In the eyes of foreign exchange students studying in the United States, American high schools, which focus more on sports and less on academics, are not that challenging,
A recent study published by the Brookings Institution last week has concluded that such views remain despite reported efforts in recent years to improve the American education system.
“You get this feeling — the kids from abroad come here, they spend a year, they think that school is easier here,” Brown Center on Education Policy fellow Tom Loveless was quoted as saying. “We think we have made great strides in making our schools more challenging, here is at least one outside group that is, in fact, saying they are not terribly challenging.”
The research involved a survey of 259 teenagers from different nations who are all in the U.S. studying as part of the AFS Intercultural Programs, an international youth exchange organization, according to the Associated Press.
Participants were asked to compare their experience in American schools and high schools in their home country. According to 40% of the participants, American high schools let students spend “much less” time on schoolwork than their home countries, while 21% said they spend “a little less.”
In terms of levels of difficulty, 66% thought that studying in the U.S. is “much easier” while 24% said “a little easier.”
A similar study conducted by Loveless back in 2001 yielded similar results, albeit with more significant differences this time around.
As for the importance of sports in the curriculum, 64% of the respondents expressed that in U.S. schools, it is “much more” important to do well in sports and 23% said “a little more” important.
When it comes to the high schools’ focus on mathematics, 16% said the focus was “much less” and 32% said it was “a little less” in America, while 40% said it was pretty much the same in their home countries.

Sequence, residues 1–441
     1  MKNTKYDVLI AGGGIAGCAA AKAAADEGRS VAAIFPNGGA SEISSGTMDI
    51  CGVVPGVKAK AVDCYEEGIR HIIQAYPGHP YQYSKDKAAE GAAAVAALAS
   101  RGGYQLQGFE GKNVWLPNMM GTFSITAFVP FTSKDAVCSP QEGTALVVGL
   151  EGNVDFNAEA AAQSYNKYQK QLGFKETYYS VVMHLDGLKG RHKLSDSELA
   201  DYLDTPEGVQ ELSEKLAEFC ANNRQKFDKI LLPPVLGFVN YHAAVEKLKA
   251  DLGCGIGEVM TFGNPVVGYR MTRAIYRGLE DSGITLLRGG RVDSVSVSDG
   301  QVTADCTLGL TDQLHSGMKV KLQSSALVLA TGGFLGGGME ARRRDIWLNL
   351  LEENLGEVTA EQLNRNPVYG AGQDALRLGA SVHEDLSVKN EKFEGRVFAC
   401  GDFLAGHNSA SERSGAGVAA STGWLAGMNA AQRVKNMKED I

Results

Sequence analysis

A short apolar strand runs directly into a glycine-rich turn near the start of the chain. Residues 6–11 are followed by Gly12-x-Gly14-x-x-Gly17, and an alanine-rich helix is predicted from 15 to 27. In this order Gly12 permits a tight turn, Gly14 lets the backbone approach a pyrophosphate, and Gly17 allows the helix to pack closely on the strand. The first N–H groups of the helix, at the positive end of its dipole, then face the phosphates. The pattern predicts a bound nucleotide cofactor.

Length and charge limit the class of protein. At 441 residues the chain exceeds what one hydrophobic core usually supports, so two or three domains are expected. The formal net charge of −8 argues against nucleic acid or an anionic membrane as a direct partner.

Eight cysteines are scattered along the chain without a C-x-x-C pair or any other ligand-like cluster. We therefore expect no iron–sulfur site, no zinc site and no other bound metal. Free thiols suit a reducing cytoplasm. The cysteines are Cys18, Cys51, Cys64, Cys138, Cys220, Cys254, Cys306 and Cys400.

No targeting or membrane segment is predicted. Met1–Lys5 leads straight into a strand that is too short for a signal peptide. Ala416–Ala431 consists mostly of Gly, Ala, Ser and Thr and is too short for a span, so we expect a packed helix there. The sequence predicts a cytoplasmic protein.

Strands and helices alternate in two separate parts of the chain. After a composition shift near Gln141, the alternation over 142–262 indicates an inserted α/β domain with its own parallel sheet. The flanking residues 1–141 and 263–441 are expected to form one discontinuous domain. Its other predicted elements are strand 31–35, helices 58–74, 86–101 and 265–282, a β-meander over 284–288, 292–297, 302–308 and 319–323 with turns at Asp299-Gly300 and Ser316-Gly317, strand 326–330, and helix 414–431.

Priority in studying a second language is also “much less” important in American high schools according to 53% of respondents, and 27% said it was “a little less”.
“So the kids are saying, in terms of my peer groups in my home country, our peer culture rewards success at math more than it does in the US and it does not reward sports so much,” Loveless explained.
International student assessment tests further highlight the findings as American schools have consistently been trailing behind many developed countries.
Observers, however, contest the principles and methodology behind the research, with some pointing out that that foreign exchange students are not accurate representations of students in their home countries. Experts also defended the local schools’ focus on sports.
According to American Institutes for Research senior vice president for research and evaluation Jack Buckley, the methodology Loveless used for his research is far from accurate.
“It’s unlikely that foreign exchange students are a particularly representative sample of their home countries,” Buckley was quoted as saying. He added that the respondents were likely more ambitious and came from wealthier families. While some students get scholarships, costs of a one-year AFS program in the U.S. can amount up to $16,000.
In defense of schools being sports-oriented, Stanford University Graduate School of Education professor Martin Carnoy pointed out as part of the American culture, many parents view that “playing sports makes one a well-rounded person and teaches them important social skills such as teamwork and perseverance.“
“We do put more emphasis on sports, we do put more emphasis on other activities, it’s fun!” Carnoy said. “You are a teenager, have a good time, the rest of life is going to be hard. I don’t know If it’s such a condemnation of our school system. It depends on what you want.”